Transitioning From FFS to Value-Based Care: One CMO’s Journey

July 9, 2024
John Farley, M.D., shares about the medical-group journey into risk-based contracting

Organizing outpatient care in order to facilitate success in value-based contracts offers both great opportunity and great challenge; no one knows that better than John Farley, M.D. Dr. Farley, an internal medicine physician who has practiced in Birmingham, Alabama, for nearly 30 years, came to the realization that, in his words, “The fee-for-service model of care is like a treadmill” for primary care physicians, who are struggling to produce the constant level of volume to realize strong margins in a time of high expenses and high patient utilization. Farley led a 17-provider practice in Birmingham until five years ago, when he sold the practice to Complete Health, an organization that manages and finances primary care practices, and which has more than 150 providers, and became Complete Health’s chief medical officer. Based in Jacksonville, Florida, Complete Health manages clinics in Dayton Beach, Florida, Richmond, Virginia, and Birmingham.

As the company’s website explains, “As a physician-driven, patient-centric primary care group, Complete Health separates itself from others by offering services designed to make your life easier, including specialized senior programs. Complete Health focuses on personalized healthcare designed just for you. As a value-based care provider, our team provides health care designed to focus on quality care, provider performance, and patient experience. This results in greater care coordination across specialists and hospitals and a patient-centered approach, including your physical, mental, and social needs.”

One element in the operational success of the Complete Health medical practices has been the organization’s partnership with the Atlanta-based patient scheduling company, Relatient. Why is patient scheduling such an important element in this? Relatient CEO Jeff Gartland told Healthcare Innovation recently that “Patient self-scheduling is incredibly important for providers to be able to do it; consumers are demanding it, and yet it is far more complex than anyone can appreciate. In my view, post-pandemic, the need and demand from consumers for more convenient access is increasing exponentially. The patient experience is blurring between clinical outcomes and the consumer experience. You can be the best clinician, but a poor patient experience will impact you. The other half of that is that it’s incredibly hard. People ask, why can’t patients self-schedule the way that restaurant patrons self-schedule using platforms like OpenTable? The analogy we use is, imagine if every time you wanted to book on OpenTable, they asked you a huge slew of questions that you had to answer. If you had to do that every time you booked an OpenTable reservation, that’s the equivalent to what happens in healthcare. The leaders at Complete Health have leveraged the Relatient platform as one tool to improve the patient experience.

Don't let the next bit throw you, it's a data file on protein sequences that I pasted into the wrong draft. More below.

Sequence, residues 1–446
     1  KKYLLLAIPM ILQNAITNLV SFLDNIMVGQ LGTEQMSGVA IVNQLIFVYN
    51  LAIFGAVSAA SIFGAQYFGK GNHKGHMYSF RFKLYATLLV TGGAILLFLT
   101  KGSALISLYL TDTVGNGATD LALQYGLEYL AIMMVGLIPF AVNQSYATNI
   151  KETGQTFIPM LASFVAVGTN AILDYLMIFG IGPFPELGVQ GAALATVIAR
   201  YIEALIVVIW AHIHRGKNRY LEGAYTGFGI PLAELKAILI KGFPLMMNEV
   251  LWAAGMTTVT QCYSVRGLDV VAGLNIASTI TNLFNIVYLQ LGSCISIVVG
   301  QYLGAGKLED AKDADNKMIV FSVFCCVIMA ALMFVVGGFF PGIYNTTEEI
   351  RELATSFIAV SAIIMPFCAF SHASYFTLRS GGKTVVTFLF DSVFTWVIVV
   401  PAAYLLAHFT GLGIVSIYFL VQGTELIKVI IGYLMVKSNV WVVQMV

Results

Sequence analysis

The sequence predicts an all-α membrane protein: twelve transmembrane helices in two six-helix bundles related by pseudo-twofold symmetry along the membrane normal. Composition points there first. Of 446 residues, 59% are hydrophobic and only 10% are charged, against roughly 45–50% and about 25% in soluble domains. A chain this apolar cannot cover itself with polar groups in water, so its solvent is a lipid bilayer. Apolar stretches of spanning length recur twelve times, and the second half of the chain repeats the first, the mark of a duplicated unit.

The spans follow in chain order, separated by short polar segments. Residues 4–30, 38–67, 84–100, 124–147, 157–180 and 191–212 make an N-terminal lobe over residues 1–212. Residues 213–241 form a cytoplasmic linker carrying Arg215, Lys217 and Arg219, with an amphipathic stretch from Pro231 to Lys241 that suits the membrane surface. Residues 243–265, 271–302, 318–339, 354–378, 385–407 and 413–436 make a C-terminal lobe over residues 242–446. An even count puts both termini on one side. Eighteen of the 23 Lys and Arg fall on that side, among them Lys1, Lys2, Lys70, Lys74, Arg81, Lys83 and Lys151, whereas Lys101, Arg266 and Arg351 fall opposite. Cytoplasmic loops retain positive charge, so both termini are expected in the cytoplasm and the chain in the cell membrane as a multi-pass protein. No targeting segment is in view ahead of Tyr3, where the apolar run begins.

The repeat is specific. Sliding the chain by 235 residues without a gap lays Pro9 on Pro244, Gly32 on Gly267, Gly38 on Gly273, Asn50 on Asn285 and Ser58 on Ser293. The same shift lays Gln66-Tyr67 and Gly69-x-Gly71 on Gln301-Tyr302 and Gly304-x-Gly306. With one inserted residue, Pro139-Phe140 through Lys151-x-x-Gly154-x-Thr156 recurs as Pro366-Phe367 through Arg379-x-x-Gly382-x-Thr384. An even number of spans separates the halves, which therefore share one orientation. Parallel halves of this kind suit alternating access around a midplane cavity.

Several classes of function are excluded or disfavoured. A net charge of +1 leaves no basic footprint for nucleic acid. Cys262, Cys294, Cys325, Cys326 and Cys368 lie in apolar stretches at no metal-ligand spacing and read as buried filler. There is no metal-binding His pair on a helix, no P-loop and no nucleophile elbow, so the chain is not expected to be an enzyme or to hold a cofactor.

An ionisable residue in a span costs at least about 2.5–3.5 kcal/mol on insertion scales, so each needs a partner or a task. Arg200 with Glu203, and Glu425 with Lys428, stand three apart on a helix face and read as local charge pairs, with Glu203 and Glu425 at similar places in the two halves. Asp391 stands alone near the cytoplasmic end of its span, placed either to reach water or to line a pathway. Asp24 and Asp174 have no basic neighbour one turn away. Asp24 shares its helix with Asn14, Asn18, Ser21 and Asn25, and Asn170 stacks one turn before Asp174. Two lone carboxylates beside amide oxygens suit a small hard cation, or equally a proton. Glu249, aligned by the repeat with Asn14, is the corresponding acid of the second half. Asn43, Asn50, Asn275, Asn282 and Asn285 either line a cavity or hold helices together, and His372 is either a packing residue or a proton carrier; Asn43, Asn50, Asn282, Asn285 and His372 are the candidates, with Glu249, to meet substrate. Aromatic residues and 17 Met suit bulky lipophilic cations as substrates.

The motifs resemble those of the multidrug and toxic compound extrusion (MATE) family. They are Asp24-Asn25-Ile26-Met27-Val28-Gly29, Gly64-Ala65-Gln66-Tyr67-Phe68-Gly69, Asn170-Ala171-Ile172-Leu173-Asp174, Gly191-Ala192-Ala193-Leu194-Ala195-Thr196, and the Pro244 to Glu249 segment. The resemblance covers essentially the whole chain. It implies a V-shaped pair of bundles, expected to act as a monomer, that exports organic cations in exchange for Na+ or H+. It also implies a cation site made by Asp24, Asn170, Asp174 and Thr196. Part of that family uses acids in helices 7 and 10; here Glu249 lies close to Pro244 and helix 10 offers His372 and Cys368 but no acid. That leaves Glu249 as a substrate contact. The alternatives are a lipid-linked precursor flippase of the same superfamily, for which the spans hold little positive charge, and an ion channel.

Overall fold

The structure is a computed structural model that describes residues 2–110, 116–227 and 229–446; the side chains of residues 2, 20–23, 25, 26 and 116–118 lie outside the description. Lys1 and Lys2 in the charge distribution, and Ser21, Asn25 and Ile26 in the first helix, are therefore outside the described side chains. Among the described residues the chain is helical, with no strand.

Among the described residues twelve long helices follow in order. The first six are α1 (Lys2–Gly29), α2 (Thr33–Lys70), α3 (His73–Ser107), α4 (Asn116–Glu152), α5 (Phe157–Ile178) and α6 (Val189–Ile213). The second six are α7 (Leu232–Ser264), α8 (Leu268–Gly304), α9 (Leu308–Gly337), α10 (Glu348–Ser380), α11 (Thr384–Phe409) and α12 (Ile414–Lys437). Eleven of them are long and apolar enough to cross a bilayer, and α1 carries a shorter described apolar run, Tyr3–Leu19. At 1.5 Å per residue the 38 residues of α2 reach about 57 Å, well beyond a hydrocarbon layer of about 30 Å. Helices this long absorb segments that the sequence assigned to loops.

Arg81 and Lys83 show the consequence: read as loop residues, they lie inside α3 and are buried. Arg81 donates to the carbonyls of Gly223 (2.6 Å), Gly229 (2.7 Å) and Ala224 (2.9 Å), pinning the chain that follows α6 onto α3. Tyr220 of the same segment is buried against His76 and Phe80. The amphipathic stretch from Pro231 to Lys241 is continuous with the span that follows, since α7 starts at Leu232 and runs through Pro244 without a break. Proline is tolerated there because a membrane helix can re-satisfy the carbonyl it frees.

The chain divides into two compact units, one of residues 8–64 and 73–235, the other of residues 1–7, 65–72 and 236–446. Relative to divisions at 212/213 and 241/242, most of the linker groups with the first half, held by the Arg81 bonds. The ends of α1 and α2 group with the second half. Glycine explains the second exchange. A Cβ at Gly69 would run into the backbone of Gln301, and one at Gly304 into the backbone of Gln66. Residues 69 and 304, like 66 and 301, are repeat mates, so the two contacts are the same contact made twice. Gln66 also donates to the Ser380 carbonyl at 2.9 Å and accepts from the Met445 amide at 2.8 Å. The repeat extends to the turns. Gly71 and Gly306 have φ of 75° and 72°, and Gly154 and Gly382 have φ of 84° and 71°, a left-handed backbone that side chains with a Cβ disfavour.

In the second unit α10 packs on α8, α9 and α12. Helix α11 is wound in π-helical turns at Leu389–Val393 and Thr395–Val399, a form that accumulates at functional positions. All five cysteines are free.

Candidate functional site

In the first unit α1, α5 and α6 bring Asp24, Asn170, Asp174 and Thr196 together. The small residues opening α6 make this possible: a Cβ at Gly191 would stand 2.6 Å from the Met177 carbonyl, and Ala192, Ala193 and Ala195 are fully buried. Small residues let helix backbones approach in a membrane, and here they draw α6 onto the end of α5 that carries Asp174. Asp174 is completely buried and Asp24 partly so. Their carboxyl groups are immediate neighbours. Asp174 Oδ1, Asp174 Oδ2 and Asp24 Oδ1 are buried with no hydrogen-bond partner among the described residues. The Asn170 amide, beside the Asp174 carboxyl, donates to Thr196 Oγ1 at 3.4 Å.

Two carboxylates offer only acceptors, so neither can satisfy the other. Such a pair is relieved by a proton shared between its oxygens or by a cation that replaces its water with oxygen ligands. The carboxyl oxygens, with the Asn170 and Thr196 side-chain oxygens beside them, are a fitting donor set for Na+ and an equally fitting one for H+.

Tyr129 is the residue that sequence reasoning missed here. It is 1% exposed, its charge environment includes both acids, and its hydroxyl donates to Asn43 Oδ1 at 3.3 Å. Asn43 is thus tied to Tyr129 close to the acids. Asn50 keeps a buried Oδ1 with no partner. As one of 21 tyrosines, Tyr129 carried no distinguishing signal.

Dr. Farley spoke recently with Healthcare Innovation Editor-in-Chief Mark Hagland about the transition from fee-for-service into value-based care delivery and payment, and what that evolution has been like for himself and his fellow physicians in his practice and across Complete Health. Below are excerpts from that interview.

How would you describe your practice and the larger organization?

We’re a primary care medical group. Ninety-eight percent of the physicians in our clinic are in family medicine or internal medicine. We also have a podiatrist and one sleep doctor.

And the corporate entity that organizes your practice and the other practices in Complete Health involves private equity funding, correct?

Yes. Primary care practices can only transition to value-based contracting either through hospital ownership or through infusions of capital. We do have 41,000 patients in risk-based contracts.

Which accountable care and value-based programs are you participating in?

We’re about 60-percent commercial. We’re in an Medicare Advantage HMO; we’re in PPOs. And we have an ACO REACH contract, which began when the program was still called the Direct Contracting program. ACO REACH has been a great product for us. The majority of the patients whom we care for under risk-based contracts, are in Medicare Advantage. And what’s great is that we treat all of our patients in the same way; they all receive essentially a kind of concierge medicine.

The majority of our risk patients are in MA, because we do everything the same, patients all essentially receive concierge medicine.

What percentage of your patients are cared for under risk-based contracts?

Of our 134,000 total patients at Complete Health, over 37,000 are cared for under full-risk contracts—basically, 28 percent. Meanwhile, with regard to specialists, we make careful choices about which providers we put into our preferred network; among other things, they have to meet criteria for referrals from our providers, and we want them to preferably be using lower cost sites of service—for example, ambulatory surgery centers versus hospital outpatient departments, for outpatient procedures—though, ultimately, patients can exercise choice over where they go for procedures.

Transitioning to value-based contracting from fee-for-service payment models is challenging, and involves a great deal of cultural change and change management. Per that, I notice that your clinics are operating in markets that wouldn’t be considered advanced managed care markets. Can you speak to the gradual change management processes involved in working with physicians in less advanced markets?